Since Donald Trump's election, media-fuelled panic has engulfed Europe, including over defence and security. We are told that World War III is imminent, that Trump will jump into bed with Putin and pull the US out of NATO. Such fantasies are put about by media cheerleaders for European political elites, terrified that Trump's election will inspire support for populist candidates in the forthcoming elections in Germany, the Netherlands and France.
In fact, it is the EU, not Donald Trump, that threatens to undermine NATO and the security of the West. In recent days, European Commission President Jean-Claude Juncker, his foreign policy chief, Federica Mogherini, and German Defence Minister Ursula von der Leyen have suggested that Trump's election should give greater impetus to a European defence force.
This has been an EU aspiration for many years. Citing Trump is just a cynical pretext for speeding it up. It is already well advanced and has gained greater focus since the UK's decision to leave the EU. The EU army is a vanity project, seen by many European leaders as a necessary instrument of the ever-closer union they desire. Speaking at a meeting of the European Defence Agency in Brussels the day after Trump's election, Ms Mogherini suggested that the EU needs "the full potential of a super power, in the field of defence and security."
To the economically atrophied EU, a defence union also has the potential for enormous financial savings. The intention will be to aggregate national military capabilities under what will no doubt be described as rationalization and efficiency. This will bring swingeing cuts to European defence capability. It will also severely reduce flexibility and the redundancy which is so vital to military forces that have any expectation of combat in which attrition and multiple simultaneous threats might occur.
The byzantine EU bureaucracy, combined with timidity in so many European nations, will ensure its army could never be deployed in anger. An EU defence union will also present a direct threat to NATO, competing for funds, building in duplication and confusion, and setting up rival military structures. In her speech, Ms Mogherini even spelt out the need for a single EU headquarters for military missions, which she likened to SHAPE, the NATO command centre.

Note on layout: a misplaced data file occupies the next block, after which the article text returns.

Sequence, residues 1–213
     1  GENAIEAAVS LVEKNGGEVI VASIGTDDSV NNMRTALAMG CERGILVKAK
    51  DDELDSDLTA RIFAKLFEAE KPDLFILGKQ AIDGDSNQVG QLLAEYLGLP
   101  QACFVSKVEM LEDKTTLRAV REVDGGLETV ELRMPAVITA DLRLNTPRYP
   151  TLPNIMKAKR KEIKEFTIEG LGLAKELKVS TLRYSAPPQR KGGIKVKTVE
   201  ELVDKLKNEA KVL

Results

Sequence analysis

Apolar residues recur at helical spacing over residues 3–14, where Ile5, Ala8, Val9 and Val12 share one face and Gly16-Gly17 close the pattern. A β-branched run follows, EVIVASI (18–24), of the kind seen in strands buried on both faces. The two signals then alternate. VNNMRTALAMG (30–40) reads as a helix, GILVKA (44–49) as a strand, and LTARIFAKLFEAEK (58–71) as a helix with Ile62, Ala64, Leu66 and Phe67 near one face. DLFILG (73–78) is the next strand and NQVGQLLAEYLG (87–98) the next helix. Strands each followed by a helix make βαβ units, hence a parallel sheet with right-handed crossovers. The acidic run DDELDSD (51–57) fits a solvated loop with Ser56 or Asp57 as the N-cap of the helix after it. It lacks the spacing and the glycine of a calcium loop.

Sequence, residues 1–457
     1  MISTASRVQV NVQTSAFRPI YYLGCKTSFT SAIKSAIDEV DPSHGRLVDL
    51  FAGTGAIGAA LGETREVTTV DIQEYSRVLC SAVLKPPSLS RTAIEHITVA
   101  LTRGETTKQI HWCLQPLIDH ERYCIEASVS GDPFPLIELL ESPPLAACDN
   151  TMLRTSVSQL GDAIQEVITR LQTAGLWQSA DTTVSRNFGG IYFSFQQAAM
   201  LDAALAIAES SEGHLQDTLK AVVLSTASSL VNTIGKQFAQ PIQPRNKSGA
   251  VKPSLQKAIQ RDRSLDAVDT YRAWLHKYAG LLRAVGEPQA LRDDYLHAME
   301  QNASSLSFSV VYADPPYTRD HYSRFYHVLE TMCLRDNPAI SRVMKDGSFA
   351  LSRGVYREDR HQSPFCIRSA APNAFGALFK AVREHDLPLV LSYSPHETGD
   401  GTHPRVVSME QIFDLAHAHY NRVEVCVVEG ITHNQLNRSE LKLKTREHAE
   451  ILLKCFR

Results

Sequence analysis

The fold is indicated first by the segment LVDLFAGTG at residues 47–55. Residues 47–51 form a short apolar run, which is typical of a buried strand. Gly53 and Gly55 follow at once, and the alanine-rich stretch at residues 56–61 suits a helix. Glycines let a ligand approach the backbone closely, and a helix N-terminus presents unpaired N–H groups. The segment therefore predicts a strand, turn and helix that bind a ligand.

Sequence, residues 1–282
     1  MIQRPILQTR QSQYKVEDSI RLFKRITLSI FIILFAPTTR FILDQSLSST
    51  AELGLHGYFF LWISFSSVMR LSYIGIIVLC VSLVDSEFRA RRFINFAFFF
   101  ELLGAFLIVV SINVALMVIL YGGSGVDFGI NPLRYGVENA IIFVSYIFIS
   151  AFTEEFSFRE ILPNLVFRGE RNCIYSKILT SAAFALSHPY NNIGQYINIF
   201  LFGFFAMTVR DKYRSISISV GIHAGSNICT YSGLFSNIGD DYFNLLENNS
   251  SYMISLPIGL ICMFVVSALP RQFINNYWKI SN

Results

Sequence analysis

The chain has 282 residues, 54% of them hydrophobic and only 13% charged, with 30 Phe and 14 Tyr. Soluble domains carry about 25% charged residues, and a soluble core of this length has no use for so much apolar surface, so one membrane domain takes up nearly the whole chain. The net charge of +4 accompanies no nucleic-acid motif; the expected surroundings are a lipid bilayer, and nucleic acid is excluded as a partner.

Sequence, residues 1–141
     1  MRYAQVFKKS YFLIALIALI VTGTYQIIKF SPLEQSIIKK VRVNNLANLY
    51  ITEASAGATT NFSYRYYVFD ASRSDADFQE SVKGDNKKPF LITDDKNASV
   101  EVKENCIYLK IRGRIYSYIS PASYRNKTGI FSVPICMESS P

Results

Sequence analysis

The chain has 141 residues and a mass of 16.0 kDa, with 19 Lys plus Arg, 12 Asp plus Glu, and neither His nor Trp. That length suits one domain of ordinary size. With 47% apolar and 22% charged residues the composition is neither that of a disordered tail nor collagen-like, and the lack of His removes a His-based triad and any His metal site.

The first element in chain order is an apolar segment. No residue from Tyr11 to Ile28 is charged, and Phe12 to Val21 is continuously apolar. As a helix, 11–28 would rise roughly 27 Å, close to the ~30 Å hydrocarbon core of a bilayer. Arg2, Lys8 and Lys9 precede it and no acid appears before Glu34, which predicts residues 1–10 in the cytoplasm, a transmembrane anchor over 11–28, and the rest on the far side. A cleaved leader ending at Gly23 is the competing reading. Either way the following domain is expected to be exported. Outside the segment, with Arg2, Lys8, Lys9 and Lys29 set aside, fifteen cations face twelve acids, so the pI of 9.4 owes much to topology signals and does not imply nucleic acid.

The German defence minister told reporters on the day Trump was elected that he must treat NATO as an alliance of shared values rather than a business. She said: "You can't say the past doesn't matter, the values we share don't matter, but instead try to get as much money out of NATO as possible and whether I can get a good deal out of it."
This is breath-taking hypocrisy from the defence minister of a nation that spends less than 1.2% of GDP on defence against an agreed NATO minimum target of 2%, while freeloading off the United States's 73% contribution to NATO's overall defence spending. How much are "the values we share" worth to her country?
Britain is one of the few European countries that achieve even the minimum 2%, with some spending only half that. This is what Trump was talking about when he said European nations need to pull their weight. Contrary to political and media spin, he has not threatened to take the US out of NATO nor, apparently, will he do so -- unless forced into it by the EU's drive to become a super-state with its own army. European leaders would do well to recognize that they need the US more than the US needs them, and that real, concrete, committed defence from the world's greatest military power is more beneficial to them than a fantasy army that will have plenty of flags, headquarters and generals but no teeth.